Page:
Alone on an island: The reassessment of an enigmatic species of Handmaiden Moth (Lepidoptera, Erebidae) endemic to Mauritius
Research output: Contribution to journal › Article
Maculonaclia florida (de Joannis, 1906) has been one of the most mysterious moths of Mauritius, a small volcanic island located some 900 km east from Madagascar. Here, we reviewed its generic placement, phylogenetic relationships and the potential evolutionary scenarios leading to the current distribution of this unique Mauritian member of Syntomini. The species, known previously only from a few old museum specimens, is redescribed based on newly collected material including both sexes and eggs. The generic affiliation to the Palaearctic Dysauxes is confirmed based on morphological and molecular data. A hypothesis is presented on the colonization of Mauritius by the ancestor of D. florida from Madagascar through the now submerged stepping stone islands of the Mascarene ridge. Behavioural data and environment preferences of D. florida are assessed for the first time. The species prefers shrubby vegetation with a humid understory, and presence of endemic shrub Ixora parviflora seems to play a role in selecting the suitable microhabitat. Additionally, based on IUCN criteria, a CR threat category is proposed, highlighting the major risk factors affecting the species. The significant variation in wing venation of D. florida is noted and provisionally correlated with environmental stress, which is the consequence of human-caused habitat degradation. Finally, the study provides further evidence for the significant role of Madagascar in the diversification of continental biota, indicating a Malagasy origin of the African syntomine Pseudonaclia puella.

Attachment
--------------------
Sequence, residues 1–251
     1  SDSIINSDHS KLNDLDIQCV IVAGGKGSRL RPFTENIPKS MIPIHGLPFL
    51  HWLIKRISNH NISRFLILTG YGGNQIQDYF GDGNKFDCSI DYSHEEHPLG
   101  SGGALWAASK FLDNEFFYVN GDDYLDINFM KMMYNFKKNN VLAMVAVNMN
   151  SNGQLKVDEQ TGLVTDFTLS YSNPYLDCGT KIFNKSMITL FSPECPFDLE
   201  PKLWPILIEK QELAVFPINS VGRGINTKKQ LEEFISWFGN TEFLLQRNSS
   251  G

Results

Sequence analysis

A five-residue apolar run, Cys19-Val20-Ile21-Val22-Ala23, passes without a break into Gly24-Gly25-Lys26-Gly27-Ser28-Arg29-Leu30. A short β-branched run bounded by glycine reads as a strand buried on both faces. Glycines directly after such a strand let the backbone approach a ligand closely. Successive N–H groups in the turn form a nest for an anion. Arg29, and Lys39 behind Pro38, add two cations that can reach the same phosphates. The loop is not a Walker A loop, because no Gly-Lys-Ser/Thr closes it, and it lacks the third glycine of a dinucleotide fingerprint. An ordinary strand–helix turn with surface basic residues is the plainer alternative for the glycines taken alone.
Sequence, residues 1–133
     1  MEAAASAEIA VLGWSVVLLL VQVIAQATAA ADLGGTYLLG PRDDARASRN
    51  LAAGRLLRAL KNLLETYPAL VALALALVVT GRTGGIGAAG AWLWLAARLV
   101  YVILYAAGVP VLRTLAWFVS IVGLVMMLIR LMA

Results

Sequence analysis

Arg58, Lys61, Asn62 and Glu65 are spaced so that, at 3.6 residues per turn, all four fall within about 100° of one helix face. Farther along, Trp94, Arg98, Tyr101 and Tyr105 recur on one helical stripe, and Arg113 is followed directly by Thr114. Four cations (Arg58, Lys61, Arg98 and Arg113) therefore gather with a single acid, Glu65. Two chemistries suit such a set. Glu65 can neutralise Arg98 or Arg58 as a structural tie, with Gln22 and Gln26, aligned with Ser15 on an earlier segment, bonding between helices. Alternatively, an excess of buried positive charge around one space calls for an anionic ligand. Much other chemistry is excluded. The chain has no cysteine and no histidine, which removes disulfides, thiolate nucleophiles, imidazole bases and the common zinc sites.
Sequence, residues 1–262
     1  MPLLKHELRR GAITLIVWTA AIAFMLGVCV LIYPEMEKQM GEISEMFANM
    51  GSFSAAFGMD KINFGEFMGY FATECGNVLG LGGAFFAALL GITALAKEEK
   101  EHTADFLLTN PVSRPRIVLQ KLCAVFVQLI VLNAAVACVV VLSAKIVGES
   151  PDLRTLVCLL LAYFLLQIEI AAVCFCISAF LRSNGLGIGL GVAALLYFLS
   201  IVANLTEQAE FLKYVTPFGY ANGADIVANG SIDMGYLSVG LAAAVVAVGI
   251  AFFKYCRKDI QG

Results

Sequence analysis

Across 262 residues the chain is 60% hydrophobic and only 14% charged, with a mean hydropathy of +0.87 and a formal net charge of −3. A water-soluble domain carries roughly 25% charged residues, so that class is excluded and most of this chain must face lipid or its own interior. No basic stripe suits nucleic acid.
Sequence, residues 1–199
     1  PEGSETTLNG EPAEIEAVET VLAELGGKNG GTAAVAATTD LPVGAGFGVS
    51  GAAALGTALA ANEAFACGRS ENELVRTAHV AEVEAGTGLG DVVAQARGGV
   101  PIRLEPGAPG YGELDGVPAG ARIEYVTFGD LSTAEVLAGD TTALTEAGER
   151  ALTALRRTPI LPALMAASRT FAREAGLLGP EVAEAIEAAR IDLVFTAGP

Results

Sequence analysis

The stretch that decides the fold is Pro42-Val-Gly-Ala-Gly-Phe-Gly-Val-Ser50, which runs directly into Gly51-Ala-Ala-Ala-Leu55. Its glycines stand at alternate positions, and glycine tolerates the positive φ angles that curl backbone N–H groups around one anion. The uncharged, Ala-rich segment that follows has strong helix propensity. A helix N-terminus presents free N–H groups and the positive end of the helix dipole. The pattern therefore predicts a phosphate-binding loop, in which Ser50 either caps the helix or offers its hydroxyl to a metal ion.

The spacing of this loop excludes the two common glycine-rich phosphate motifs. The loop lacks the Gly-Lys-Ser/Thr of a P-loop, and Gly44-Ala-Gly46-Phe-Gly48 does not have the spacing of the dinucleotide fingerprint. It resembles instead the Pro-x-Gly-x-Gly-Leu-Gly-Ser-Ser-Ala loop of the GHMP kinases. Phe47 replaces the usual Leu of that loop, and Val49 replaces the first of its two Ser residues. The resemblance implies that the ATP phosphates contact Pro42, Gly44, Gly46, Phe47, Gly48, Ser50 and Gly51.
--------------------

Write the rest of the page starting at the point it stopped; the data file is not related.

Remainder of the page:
|Research areas and keywords||
Subject classification (UKÄ) – MANDATORY
|Publication status||E-pub ahead of print - 2021 Jul 22|